An agricultural cooperative, also known as a farmers' co-op, is usually a purchasing or producer co-op, and sometimes a combination of the two. Farmer cooperatives handle process and market almost every type of agricultural commodity, furnish farm supplies, and provide credit and related financial services. Earnings from these activities are returned to their farmer members on a patronage basis, helping improve their income from the marketplace.
Cooperative “sectors” refer to the industry in which the cooperative operates.
Co-ops are found throughout the economy, but here is a list of industries in which cooperative models are especially common:
Child Care and Preschool Co-ops
With women entering the American work force in increasing numbers, locating high quality child care has become a serious problem for many families. The pressing need for child care facilities has prompted parents, educators, employers and communities to create new structures and methods for the development of child care programs.
More than 7,250 credit unions supply financial services for over 93 million consumers nationwide. Using up-to-date technology, they offer a wide range of services at prices that are usually lower than those of for-profit institutions. While most credit unions serve the broad middle class, an increasing number are meeting the financial services needs of low-income communities. As many banks abandon these areas, community development credit unions are stepping in to serve low and moderate-income households.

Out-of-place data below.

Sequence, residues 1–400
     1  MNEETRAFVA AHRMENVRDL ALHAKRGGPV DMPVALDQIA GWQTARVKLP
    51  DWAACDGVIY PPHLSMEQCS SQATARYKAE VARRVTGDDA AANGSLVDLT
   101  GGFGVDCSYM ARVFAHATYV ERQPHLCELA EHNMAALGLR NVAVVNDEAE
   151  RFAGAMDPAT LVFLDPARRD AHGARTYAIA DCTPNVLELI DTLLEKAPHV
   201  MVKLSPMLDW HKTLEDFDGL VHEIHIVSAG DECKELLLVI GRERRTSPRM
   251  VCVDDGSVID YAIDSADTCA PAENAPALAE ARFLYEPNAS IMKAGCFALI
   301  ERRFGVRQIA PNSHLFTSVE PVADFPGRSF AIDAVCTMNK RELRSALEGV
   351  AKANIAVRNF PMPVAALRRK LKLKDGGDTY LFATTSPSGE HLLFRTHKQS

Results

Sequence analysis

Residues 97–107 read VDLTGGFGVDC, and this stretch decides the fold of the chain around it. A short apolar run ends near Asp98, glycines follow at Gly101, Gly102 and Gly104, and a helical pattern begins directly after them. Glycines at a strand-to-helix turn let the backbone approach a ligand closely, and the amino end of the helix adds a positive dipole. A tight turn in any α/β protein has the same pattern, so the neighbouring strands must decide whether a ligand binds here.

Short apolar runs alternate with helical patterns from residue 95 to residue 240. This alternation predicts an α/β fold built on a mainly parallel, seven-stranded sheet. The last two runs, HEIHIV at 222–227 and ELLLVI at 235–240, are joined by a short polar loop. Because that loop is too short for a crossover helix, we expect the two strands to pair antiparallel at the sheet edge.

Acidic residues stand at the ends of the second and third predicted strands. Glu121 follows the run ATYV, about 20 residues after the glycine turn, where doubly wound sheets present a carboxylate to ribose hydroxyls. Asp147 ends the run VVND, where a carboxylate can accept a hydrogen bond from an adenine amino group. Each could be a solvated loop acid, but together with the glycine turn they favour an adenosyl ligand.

Beyond credit unions, cooperative banking and cooperative development funds are two categories that fall in the cooperative financial services category.
In communities all across the United States, food cooperatives provide grocery items of the highest quality and best value to their members. Whether it operates a buying club, a small retail store or a large supermarket, a food cooperative is owned and controlled by its customers. And, when it comes to their food cooperative, member-owners place service, quality, education and value at the top of their shopping list!
When it comes to healthier food, food cooperatives are the innovators. Both the organic and local food trends started with retail food cooperatives.
Funeral & Memorial Societies
Funeral and memorial services cooperatives are formed to empower consumers when dealing with one of the most stressful and emotional events in life. Cooperatives of funeral homes help independents to survive in an industry facing rapid consolidation, thereby preserving a local connection for funeral arrangements.
After suffering the loss of a loved one, consumers are confronted with the task of negotiating with funeral homes and memorial service companies, often with little information to do so, leaving them vulnerable to unscrupulous practices. Funeral cooperatives allow family members to plan meaningful, dignified and affordable funeral and memorial services.
Over the last twenty years, healthcare related cooperatives have emerged as a key strategy for:
- keeping healthcare costs and insurance premiums affordable for consumers and small businesses;
- controlling the high cost of prescription drugs;
- helping community-owned, non-profit hospitals remain independent;
- improving the quality of home-based healthcare and assisted living;